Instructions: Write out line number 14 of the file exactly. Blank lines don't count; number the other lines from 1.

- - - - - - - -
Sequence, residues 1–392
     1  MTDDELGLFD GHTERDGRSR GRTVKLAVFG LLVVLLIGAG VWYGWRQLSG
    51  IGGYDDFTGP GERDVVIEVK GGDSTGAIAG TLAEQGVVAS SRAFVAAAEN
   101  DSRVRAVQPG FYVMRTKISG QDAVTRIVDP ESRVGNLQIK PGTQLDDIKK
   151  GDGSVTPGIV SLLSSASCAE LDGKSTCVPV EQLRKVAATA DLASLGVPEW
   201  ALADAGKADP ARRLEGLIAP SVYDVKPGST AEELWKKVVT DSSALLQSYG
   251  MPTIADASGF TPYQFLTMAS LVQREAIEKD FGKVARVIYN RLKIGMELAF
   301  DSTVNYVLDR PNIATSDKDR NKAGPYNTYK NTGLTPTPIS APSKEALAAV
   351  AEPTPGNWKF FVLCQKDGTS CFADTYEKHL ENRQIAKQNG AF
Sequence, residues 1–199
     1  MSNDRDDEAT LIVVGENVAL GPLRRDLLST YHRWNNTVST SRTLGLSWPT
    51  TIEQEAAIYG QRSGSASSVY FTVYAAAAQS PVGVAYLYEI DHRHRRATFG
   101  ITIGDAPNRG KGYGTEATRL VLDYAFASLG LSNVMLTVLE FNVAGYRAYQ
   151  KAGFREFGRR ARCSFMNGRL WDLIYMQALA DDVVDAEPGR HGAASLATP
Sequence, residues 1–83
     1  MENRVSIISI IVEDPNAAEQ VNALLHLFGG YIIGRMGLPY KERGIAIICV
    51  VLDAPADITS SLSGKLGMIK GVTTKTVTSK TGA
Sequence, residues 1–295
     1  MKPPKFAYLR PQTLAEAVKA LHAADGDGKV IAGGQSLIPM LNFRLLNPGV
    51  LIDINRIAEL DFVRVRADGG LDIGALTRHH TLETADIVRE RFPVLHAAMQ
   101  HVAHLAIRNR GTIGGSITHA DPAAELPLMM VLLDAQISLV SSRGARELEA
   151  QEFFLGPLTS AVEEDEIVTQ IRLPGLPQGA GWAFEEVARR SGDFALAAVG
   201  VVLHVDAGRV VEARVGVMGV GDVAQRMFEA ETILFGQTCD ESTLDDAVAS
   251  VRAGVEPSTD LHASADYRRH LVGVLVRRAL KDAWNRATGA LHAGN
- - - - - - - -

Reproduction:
   151  KAGFREFGRR ARCSFMNGRL WDLIYMQALA DDVVDAEPGR HGAASLATP